A grand jury has indicted the former head of product at non-fungible token (NFT) platform OpenSea on wire fraud and money laundering charges after an insider trading scandal.
Nathaniel Chastain was arrested Wednesday morning in New York, New York. He is slated for presentation in the US District Court for the Southern District of New York, according to a Wednesday press release from the Department of Justice.
Chastain was previously accused of using secret Ethereum wallets to purchase NFTs based on confidential information that they'd soon be featured on OpenSea's home page. He was allegedly responsible for selecting which NFTs would be featured on the homepage, according to the indictment. From about June 2021 to September 2021, he sold these pieces for two to five times his initial purchase price shortly after the value jumped from a front-page feature, according to the DOJ's indictment.
The actions were compared to frontrunning and insider trading, activities in which an individual profits off of non-public information. Those activities are prohibited in traditional financial markets, but it was unclear how those laws might apply to the NFT space.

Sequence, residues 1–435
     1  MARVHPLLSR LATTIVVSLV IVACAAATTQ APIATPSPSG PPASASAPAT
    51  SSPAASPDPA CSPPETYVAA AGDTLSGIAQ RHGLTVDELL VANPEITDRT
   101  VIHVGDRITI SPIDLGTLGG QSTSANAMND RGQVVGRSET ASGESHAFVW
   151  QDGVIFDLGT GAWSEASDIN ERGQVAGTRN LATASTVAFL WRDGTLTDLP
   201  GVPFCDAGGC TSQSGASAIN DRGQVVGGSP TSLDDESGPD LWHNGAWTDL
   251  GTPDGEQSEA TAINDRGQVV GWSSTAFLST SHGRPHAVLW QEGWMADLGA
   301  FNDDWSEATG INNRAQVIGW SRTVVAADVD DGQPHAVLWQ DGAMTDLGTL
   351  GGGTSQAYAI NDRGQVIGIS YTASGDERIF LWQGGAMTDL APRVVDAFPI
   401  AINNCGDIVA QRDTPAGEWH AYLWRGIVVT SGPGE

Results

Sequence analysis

Law enforcement indicates that those laws will apply just the same.
“NFTs might be new, but this type of criminal scheme is not," said U.S. Attorney Damian Williams in a statement. "As alleged, Nathaniel Chastain betrayed OpenSea by using its confidential business information to make money for himself. Today’s charges demonstrate the commitment of this Office to stamping out insider trading – whether it occurs on the stock market or the blockchain.”
FBI Assistant Director-in-Charge Michael J. Driscoll said the FBI "will continue to aggressively pursue actors who choose to manipulate the market in this way.”
OpenSea published a blog post in September of last year acknowledging Chastain's actions. In response to today's arrest, an OpenSea spokesperson told The Block:
"As the world’s leading web3 marketplace for NFTs, trust and integrity are core to everything we do. When we learned of Nate’s behavior, we initiated an investigation and ultimately asked him to leave the company. His behavior was in violation of our employee policies and in direct conflict with our core values and principles."
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